This is Italian. Here
Is cause for the undiminished bounce
Of sex, cause for the lark, the animal spirit
To rise, aerated, but not beyond our reach, to spread
Friction upon the air, cause to sing loud for the bed
Of jonquils, the linen bed, and established merit
Of love, and grandly to pronounce
Pleasure without peer.

But the poem goes on to explore Italy’s—and art’s—more lasting lessons, as when in discussing the garden he describes the effect of his own pruning, the poet’s craft:

For thus it was designed:
Controlled disorder at the heart
Of everything, the paradox, the old
Oxymoronic itch to set the formal strictures
Within a natural context, where the tension lectures
Us on our mortal state, and by controlled
Disorder, labors to keep art
From being too refined.

Italy—its cities and landscape, its climate and food, its art and its people—was a resource for Hecht all his life, but it is no wonder that he came to prefer Venice to Rome. While Rome makes the past unforgettable, Venice makes time vanish. Its stage set of wavering palaces and bridged mazes, the whole frayed tapestry of the city’s louche and luxuriant life is on display in several of Tony’s best poems, mostly, notably in his masterpiece, the long monologue of 1979, “The Venetian Vespers,” a virtuosic display of exquisite descriptions of the city—its sequined luminosities and stony depravities, that swirl around a solitary, unstable expatriate whom they both overwhelm and console.

Venice was almost an annual pilgrimage he and his wife Helen made, and just last spring they were in Italy again, Tony writing new poems in his study and then coming down in the evening with Helen to talk with friends over drinks and dinner. A photograph of the young poet shows the suave swagger of a matinee idol, while one of the older looks like the noble duke in a Shakespeare play. What neither picture can capture is the elegant charm, allusive or hearty, of his conversation and of his absolute command of those facts and feints instinct in what used to be called a civilized man. And to watch the two of them together at any moment, Tony and Helen, was to recall the profound influence their romance had on his work. Helen became, in every sense, his muse—as, say, Tanaquil LeClerc or Suzanne Farrell was for George Balanchine, helping him to extend and refine the terms of his praise for the human form and the world’s bounty. Hecht had stolen Helen into the Troy of his imagination, and the poems inspired by and dedicated to her are the most luminous in his books. Even the pace of his writing accelerated after they married, as if he were writing to please only her.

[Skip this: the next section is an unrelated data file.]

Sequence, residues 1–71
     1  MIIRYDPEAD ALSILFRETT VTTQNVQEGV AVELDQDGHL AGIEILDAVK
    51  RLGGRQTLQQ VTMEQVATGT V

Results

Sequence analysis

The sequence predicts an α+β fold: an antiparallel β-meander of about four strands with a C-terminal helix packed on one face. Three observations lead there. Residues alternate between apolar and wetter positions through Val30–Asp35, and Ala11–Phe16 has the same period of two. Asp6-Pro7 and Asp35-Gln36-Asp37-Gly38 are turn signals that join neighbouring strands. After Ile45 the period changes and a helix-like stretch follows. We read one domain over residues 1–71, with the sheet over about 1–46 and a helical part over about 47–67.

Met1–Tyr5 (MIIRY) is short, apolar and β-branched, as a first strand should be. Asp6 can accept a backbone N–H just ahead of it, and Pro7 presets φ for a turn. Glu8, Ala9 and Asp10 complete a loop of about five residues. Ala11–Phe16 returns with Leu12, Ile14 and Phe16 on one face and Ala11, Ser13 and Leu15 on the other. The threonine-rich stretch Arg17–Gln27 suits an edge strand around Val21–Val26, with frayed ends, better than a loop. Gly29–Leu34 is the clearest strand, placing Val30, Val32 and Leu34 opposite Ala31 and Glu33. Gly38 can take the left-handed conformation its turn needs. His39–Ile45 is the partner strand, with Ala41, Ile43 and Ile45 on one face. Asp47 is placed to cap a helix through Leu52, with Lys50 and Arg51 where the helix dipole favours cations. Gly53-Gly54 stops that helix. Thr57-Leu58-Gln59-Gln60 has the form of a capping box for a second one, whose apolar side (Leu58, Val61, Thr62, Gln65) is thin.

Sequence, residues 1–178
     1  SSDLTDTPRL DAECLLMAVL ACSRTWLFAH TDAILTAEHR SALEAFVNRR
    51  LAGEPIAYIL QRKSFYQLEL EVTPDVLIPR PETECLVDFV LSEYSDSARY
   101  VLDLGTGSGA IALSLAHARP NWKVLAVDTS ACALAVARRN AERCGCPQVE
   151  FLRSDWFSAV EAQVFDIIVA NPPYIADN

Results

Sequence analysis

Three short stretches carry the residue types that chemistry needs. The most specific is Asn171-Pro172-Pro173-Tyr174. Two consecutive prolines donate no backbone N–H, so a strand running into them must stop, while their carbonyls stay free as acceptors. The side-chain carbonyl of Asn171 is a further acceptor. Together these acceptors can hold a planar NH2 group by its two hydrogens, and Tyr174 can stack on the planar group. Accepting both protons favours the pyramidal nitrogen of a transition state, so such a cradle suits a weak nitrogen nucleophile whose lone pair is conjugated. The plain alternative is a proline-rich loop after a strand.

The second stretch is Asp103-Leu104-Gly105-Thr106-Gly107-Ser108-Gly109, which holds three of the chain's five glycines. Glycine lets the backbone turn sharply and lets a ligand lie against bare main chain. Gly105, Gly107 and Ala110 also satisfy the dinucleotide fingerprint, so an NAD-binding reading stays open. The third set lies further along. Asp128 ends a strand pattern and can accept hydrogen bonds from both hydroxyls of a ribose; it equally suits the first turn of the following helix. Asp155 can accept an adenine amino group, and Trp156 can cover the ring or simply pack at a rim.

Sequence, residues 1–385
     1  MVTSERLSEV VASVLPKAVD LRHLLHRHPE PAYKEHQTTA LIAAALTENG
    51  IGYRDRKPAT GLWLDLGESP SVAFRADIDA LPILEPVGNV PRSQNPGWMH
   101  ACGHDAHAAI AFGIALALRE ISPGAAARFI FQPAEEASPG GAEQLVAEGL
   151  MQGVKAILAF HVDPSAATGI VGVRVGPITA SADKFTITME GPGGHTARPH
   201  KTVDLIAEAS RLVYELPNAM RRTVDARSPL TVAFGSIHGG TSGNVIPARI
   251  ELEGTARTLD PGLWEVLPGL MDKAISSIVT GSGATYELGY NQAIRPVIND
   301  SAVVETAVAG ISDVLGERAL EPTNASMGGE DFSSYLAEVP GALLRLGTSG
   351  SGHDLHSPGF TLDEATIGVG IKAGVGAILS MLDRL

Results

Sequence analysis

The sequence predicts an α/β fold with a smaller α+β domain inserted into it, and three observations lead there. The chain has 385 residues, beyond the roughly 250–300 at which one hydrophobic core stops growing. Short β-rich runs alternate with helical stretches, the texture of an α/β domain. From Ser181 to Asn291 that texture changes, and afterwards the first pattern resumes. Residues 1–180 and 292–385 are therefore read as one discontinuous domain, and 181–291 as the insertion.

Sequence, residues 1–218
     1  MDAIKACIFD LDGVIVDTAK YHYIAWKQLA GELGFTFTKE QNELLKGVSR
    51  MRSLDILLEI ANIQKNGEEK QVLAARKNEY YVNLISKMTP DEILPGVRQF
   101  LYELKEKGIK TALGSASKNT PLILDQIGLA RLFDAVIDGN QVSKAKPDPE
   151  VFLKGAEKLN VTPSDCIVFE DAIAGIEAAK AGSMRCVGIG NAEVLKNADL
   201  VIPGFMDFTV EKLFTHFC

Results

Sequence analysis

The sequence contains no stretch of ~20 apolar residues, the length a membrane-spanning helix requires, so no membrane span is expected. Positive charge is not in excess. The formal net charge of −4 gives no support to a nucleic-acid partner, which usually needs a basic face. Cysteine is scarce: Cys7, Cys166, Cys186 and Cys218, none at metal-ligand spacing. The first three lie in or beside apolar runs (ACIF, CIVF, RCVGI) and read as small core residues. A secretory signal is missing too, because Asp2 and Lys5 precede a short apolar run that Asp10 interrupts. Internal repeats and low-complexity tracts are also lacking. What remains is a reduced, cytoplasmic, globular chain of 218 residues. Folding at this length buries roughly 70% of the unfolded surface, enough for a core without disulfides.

What he once wrote of another poet’s work could be said more truly of his own when he noted: “the way a poem’s total design is modulated and given its energy, not by local ingredients tastefully combined, but by the richness, toughness, and density of some sustaining vision of life.” Hecht wrote in an age when a slurred or shaggy poetry was too often preferred, but he was not merely enshrined by connoisseurs. The unmistakable authority of his work earned him the admiration even of those who didn’t understand his aesthetic principles. They too sensed the grandeur of his poems. It is that grandeur he takes with him, a nobility of purpose, an amplitude of vision, a deep and powerful engagement with the sublime themes of his art. He has entered now that other Academy, and in the company of T. S. Eliot and W. H. Auden, of Robert Lowell, and Elizabeth Bishop. He joined the pantheon of poets who have changed the way we listen to poems—which is to say, the way we hear ourselves think and feel. It has been said that the silence after a piece of music by Mozart is also by Mozart. Most everyone in this room can remember the effect of reading a poem by Anthony Hecht, and of then looking up, looking back out at the world and seeing it changed—its extremes of love or violence suddenly revealed and encompassed. Violence is the result of our despair, and love is the quality of attention we pay to things. Anthony Hecht studied both, and wrote down what he saw in words whose memory and example will continue to unnerve and transform, to enchant and teach us all.

Read at the Academy Dinner Meeting on November 11, 2004.